I have struggled with many aspects of parenting over the last 15years of practice at it. One of the more difficult for me has been discerning things like literature and movies, toys, etc. Many young parents are heavily influenced by media, mainstream PC thinking etc. I know I was. When my older children were small, I wouldn’t allow guns in their play because I bought into the PC thinking of guns are not toys, they are very dangerous and lead to criminal acts; and because of television and movies, and the playtime with toy guns, most children can load and fire a weapon by the age of five. Well, I’ve come round to realizing that whether or not I allow the gun play, my children will play it anyway. They took everything they could to make guns, from sticks to food. I’ve also come to realize that it is better that I form their perspective on guns (and other weaponry) in a healthy way, not in a criminal way. I have changed my opinion on weapon play after research, thought, and most importantly, guidance from God through the graces afforded the Sacrament of Marriage.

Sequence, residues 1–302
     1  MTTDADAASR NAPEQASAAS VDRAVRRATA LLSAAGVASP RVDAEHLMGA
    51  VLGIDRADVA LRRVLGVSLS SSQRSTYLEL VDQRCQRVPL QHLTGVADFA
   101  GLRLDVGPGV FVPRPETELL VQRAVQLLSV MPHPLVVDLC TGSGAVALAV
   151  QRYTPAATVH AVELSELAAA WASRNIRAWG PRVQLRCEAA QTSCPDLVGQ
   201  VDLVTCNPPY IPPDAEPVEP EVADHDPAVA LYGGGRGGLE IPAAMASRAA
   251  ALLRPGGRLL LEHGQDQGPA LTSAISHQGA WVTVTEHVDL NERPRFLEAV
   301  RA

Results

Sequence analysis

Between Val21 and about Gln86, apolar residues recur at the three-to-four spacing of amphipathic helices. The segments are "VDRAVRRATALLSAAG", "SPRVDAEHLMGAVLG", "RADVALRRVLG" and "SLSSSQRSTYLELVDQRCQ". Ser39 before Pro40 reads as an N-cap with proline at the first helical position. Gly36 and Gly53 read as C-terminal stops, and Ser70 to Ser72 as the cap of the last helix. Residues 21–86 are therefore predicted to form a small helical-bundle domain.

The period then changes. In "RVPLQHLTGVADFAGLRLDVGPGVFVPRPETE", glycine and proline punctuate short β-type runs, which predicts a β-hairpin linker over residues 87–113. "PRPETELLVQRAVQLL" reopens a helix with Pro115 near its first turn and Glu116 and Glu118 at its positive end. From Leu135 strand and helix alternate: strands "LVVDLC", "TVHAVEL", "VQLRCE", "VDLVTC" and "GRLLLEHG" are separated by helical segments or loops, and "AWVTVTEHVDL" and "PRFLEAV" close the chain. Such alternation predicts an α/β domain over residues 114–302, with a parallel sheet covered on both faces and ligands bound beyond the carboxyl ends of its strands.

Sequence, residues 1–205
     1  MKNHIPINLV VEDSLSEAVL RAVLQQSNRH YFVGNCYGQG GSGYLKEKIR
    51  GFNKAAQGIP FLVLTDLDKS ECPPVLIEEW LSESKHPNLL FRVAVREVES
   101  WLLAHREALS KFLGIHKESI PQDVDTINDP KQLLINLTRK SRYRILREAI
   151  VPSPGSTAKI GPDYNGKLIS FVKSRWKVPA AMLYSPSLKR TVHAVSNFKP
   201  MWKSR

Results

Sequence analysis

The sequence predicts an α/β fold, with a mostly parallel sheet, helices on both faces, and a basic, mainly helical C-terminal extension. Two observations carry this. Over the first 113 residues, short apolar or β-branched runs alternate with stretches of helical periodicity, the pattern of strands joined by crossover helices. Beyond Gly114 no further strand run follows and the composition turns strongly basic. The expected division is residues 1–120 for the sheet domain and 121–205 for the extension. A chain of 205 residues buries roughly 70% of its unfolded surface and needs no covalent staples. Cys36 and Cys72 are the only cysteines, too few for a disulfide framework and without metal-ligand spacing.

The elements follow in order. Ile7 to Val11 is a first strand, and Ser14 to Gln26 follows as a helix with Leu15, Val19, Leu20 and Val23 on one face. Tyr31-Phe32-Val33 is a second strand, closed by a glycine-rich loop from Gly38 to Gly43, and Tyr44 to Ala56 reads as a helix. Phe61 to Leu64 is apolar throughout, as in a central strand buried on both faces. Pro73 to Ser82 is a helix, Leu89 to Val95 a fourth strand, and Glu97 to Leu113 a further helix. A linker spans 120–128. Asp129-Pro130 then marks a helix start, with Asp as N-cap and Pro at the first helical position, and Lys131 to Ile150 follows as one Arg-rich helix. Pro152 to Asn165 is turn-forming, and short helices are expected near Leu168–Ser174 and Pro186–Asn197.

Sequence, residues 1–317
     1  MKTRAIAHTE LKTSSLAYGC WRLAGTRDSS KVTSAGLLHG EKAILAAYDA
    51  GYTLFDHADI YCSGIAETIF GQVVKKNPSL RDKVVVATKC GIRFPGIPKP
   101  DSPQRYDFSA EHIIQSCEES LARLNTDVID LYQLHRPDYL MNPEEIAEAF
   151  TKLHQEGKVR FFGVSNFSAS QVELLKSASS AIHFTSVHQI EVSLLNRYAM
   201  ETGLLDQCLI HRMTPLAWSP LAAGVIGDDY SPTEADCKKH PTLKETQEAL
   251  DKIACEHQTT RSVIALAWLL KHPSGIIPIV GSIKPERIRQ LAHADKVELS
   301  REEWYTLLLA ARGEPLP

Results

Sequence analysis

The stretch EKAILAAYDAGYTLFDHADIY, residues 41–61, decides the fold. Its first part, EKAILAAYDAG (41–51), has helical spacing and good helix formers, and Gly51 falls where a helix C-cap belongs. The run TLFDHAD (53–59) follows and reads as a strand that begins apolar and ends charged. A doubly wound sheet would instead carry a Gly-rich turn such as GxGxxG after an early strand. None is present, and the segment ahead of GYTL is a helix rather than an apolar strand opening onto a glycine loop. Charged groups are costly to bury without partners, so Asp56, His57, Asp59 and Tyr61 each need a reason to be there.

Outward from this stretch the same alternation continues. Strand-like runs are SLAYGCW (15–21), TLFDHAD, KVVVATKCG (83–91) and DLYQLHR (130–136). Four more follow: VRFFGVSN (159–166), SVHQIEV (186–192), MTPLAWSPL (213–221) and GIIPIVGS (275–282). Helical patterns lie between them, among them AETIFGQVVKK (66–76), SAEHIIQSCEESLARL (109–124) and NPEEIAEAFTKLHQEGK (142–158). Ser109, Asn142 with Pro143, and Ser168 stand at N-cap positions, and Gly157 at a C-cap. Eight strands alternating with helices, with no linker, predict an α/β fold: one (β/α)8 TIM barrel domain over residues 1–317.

The reason I allowed myself to be influenced by the political-correctness as a young mother is because I feared for the souls of my children. In my attempts to do the right thing, I was swayed into following the mainstream thinking of the time, despite its nagging at me that I was being a bit over the top. The intent was good, there was no harm in the decision to forbid guns, but it didn’t work and I had to re-evaluate my reasons. Political correctness versus Catholicism, or political correctness versus common sense in parenting are constant sources of reflection and evaluation by diligent parents. We want to do what is right, teach our children rightly and safeguard their souls.